Tuesday, 27 July 2010


Woke up this morning, and decided to (both literally and metaphorically) put all the RPG stuff away in a big box and forget about it. I've got copies of Rogue Trader, Marvel Super Heroes, OD&D, Swords and Wizardy, Labyrinth Lord, Lone Wolf Multiplayer, Dragon Age and abortive megadungeon projects floating around and I've had enough.

Going to concentrate on all the other gaming interests I have for a while rather than letting the fool's errand of getting some RPGing up and running start to dominate things.


  1. Fair enough mate.
    Life's too short.

  2. The funny thing about our hobbies are what a mindblowingly huge time sink they are.

    Painting an entire army well, or designing a good D&D campaign in advance can easily take years. Yet I think that much of the appeal and selling point of both RPGs and miniatures wargames is that dreaming about the game or prepping for it often outstrip the playtime itself. And that the cure for the hard work of painting minis or designing encounters can be distracted from by consumer therapy in the form of buying more unpainted lead or useless splatbooks.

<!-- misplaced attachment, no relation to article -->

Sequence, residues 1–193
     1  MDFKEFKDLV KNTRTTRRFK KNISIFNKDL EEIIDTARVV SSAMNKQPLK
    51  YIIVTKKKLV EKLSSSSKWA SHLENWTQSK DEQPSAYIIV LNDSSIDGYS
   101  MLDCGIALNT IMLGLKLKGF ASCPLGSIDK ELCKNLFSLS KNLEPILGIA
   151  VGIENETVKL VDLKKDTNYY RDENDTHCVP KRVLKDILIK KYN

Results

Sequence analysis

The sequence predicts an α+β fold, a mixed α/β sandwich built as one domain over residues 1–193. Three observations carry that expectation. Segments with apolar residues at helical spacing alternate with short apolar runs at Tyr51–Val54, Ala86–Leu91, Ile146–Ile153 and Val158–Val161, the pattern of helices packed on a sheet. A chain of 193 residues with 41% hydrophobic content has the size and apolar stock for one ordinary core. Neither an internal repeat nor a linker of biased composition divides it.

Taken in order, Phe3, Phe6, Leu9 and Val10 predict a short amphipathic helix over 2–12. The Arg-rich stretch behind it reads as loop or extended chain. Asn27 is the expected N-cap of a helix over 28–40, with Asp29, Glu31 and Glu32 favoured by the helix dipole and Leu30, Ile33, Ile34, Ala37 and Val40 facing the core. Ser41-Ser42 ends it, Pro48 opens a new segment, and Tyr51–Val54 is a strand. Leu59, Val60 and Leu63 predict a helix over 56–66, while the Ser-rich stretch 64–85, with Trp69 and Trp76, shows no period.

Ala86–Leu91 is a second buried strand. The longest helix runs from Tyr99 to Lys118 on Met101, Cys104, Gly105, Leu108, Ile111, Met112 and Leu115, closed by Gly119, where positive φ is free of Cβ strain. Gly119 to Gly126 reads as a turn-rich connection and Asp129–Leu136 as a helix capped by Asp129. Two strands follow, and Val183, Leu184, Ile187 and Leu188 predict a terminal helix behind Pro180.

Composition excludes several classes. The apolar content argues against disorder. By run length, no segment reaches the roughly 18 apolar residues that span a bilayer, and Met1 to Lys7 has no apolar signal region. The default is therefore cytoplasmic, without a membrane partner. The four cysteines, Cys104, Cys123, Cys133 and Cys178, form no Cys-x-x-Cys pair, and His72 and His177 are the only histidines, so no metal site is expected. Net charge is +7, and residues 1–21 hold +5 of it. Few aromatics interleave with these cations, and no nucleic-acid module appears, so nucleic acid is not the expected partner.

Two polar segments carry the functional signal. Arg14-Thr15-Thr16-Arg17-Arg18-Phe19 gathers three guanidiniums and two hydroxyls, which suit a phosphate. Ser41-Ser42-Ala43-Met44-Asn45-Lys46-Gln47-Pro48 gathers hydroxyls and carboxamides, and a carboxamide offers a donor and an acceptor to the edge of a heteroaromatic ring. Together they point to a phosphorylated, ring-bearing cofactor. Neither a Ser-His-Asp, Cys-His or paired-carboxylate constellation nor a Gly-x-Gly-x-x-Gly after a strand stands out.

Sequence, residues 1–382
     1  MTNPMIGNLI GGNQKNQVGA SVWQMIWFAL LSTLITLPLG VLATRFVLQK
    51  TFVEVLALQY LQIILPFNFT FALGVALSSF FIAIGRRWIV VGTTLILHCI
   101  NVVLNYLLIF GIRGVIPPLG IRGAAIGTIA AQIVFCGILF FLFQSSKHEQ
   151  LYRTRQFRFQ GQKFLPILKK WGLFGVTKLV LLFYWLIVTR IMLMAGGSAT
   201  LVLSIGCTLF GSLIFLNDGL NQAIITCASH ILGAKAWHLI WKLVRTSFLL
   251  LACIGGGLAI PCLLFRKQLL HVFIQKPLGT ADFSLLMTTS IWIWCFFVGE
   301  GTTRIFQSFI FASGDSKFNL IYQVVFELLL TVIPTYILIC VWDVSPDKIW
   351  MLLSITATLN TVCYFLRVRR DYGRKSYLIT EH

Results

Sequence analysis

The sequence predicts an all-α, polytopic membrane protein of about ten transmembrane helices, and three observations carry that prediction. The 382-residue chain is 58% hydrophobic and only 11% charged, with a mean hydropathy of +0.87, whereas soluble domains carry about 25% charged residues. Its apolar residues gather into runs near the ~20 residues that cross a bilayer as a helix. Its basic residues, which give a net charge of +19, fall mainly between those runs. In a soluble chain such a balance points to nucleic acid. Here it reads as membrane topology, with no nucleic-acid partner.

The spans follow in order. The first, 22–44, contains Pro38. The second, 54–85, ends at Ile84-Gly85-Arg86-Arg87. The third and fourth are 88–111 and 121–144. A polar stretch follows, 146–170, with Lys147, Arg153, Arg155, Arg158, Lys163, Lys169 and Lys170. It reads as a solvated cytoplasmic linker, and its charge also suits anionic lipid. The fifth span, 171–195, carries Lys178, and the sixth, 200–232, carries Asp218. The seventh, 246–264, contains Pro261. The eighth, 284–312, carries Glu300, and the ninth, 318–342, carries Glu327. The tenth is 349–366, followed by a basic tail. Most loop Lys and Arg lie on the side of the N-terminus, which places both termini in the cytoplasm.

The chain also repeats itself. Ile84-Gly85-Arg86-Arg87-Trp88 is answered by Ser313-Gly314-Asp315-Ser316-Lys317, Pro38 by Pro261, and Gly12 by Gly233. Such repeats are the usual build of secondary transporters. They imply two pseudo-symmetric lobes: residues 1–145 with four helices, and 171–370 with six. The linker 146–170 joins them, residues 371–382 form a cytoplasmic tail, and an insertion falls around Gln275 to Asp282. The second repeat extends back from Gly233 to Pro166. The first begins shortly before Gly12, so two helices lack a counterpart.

We live in denial of these elephants in the room, and companies like GW and WOTC actively try and keep customers on a treadmill of consumerism.

    We are willing fools in this metagame, refusing to play "unsupported" editions or games, and continuously underestimating the time it will take to complete a project. The key seems to be to choose but one or two projects, then make sure you complete them. Most of us lose interest as soon as it becomes tedious to paint the 20th figure, or populate the 20th dungeon room. Far easier to buy another blister pack, or a compleat haberdasher splatbook, or begin to obsess about the new release of Space Hulk or something.

    RPGs are crazy complicated. I wrote an NPC generator for Rules Cyclopedia D&D, and it totaled 27000 lines of code. The monster database I'm writing to go with it is approaching 1000 variations of monster type when you include Creature Catalog. And this is for so-called "basic D&D". I think we kid ourselves that we can handle such complexity easily - if it's taken me weeks to write these programs, then looking up options and typing them out longhand for every adventure encounter would take far longer.

    So good luck with your sojourn, just remember to come back y'all now, y'hear, and when you do, choose a modest, focused project. Then finish it.